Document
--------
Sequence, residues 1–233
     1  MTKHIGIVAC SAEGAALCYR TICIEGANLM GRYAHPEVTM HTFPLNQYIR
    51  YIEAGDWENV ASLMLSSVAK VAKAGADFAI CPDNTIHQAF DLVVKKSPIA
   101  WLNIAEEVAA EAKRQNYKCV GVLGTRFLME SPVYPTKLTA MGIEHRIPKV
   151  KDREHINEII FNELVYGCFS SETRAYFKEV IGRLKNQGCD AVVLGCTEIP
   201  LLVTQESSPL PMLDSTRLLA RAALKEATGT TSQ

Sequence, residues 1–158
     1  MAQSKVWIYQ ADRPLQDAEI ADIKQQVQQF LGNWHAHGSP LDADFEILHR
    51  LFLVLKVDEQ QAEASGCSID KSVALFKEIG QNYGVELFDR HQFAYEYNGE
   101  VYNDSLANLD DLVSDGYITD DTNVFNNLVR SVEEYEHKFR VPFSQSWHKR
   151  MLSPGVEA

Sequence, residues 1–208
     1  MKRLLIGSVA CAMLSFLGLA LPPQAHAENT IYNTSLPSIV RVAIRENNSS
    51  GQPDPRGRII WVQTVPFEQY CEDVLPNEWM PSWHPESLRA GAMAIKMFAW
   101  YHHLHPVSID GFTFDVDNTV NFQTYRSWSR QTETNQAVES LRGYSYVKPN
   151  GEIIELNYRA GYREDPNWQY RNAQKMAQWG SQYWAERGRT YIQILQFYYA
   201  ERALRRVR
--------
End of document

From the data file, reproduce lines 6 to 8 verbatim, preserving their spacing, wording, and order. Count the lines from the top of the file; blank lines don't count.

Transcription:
   201  LLVTQESSPL PMLDSTRLLA RAALKEATGT TSQ

Sequence, residues 1–158
     1  MAQSKVWIYQ ADRPLQDAEI ADIKQQVQQF LGNWHAHGSP LDADFEILHR